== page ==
r

r

r

r

AX 2 K X 2 for all X. Step#2 requires us to find at least one vector X0 for which equality

r

r

r

holds; that is, we must find an X0 with the property that AX 0 2 = K X 0 2 . But, it is obvious

that X0 = U1, the unit-length eigenvector associated with eigenvalue 12 , will work. Hence, the

matrix 2-norm is given by A 2 =

The 2-norm is the default in MatLab. Also, it is the default here. From now on, unless

specified otherwise, the 2-norm is assumed: A means A 2 .

Example

A=

LM1 1OP

N2 1Q

CH4.DOC

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John Stensby

r

r

Find A 2 , and find the unit-length vector X0 that maximizes AX . First, compute the product

2

5 3

.

A A = A TA =

3 2

LM OP

N Q

The eigenvalues of this matrix are 12 = 6.8541 and 22 = .1459; note that ATA is positive definite

symmetric. The 2-norm of A is A 2 = 12 = 2.618 , the square root of the largest eigenvalue of

ATA.

The corresponding eigenvectors are U1 = [-.8507 -.5257] and U2 = [.5257 -.8507]. They

are columns in an orthogonal matrix U = [U1 U2]; note that UTU = I or UT = U-1. Furthermore,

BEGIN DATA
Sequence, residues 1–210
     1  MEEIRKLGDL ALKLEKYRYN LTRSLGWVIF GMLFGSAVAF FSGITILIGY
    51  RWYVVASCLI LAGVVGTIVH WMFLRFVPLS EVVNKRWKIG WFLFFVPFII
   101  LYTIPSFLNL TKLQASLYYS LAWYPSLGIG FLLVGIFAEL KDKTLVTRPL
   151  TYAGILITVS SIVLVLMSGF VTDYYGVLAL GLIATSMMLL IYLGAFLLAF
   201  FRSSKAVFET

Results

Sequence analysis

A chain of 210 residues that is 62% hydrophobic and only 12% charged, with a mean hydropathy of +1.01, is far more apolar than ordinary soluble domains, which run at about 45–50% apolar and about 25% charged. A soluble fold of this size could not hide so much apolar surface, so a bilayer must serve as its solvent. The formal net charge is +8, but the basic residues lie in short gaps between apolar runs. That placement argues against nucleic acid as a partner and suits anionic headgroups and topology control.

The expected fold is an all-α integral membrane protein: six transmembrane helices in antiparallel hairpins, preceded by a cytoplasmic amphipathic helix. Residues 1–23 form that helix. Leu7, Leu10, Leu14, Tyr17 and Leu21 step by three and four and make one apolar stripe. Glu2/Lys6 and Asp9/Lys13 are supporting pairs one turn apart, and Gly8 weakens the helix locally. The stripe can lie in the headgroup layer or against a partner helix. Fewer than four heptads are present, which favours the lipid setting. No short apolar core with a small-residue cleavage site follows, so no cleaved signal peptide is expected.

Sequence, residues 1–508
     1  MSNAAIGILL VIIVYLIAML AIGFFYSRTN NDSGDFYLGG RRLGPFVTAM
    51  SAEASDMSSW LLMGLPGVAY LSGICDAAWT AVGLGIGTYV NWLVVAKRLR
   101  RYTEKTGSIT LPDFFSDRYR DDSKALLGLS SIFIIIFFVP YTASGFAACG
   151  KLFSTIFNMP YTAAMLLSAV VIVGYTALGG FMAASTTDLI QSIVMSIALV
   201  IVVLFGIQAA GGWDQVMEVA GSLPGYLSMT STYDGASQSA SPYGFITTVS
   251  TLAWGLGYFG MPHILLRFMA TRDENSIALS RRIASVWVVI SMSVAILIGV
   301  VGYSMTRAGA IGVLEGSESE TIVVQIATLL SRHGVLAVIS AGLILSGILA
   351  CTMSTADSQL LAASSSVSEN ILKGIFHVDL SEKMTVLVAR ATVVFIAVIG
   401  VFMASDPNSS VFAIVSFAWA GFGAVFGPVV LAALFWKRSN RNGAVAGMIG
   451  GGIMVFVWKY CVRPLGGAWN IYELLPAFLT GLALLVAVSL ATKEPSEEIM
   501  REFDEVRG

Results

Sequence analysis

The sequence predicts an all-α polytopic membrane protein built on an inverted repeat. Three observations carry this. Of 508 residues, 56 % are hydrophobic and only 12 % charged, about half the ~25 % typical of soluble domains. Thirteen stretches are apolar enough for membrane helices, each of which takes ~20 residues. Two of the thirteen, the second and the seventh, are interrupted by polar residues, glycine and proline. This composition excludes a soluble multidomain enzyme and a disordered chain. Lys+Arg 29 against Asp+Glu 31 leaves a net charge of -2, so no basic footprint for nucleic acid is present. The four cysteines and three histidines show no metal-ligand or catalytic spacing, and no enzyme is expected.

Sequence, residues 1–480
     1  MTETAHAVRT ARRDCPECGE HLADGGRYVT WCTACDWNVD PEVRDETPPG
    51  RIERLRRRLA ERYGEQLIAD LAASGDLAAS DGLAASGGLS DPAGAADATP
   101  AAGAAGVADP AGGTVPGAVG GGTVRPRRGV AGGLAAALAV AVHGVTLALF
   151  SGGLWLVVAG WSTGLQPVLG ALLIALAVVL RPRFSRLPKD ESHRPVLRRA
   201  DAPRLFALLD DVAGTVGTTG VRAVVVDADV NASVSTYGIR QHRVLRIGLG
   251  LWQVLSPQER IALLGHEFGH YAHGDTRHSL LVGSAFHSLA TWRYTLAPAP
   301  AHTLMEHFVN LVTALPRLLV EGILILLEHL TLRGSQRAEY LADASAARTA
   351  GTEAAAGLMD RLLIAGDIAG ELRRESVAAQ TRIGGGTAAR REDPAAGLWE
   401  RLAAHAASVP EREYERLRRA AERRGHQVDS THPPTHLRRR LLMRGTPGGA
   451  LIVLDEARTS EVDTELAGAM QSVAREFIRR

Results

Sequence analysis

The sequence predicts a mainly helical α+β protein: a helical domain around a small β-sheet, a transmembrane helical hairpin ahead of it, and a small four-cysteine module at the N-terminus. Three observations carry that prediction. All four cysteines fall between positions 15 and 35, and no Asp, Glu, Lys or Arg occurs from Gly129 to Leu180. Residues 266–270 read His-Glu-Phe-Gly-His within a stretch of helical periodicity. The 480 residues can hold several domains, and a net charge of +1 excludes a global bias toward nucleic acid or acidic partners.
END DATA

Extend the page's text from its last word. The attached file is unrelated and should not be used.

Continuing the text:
matrix U diagonalizes ATA

L

12

( A A )U = M

MN 0

T

OP L

PQ MN

6.8541

0

0

=

.1459

0

22

r

The unit-length vector that maximizes AX

r

max

AX

r

X =1

OP

Q

r

is X0 = U1, and

= 12 = 6.8541

For mn matrix A we know that

r

r

AX p A p X p

(4-25)

for all X. Now, consider mn matrix A and nq matrix B. The product AB is mq. For q-

dimensional X, we have

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Version 1.0

r

r

r

r

ABX p = A ( BX ) p A p BX p A p B p X p .

John Stensby

(4-26)

r

ABX p

Ap Bp

r

Xp

(4-27)

AB p A p B p ,

(4-28)

2-Norm Bound

Let A be an mn matrix with elements aij, 1 i m, 1 j n. Let

max a ij

i, j

denote the magnitude of the largest element in A. Let (i0, j0) be the indices of the largest element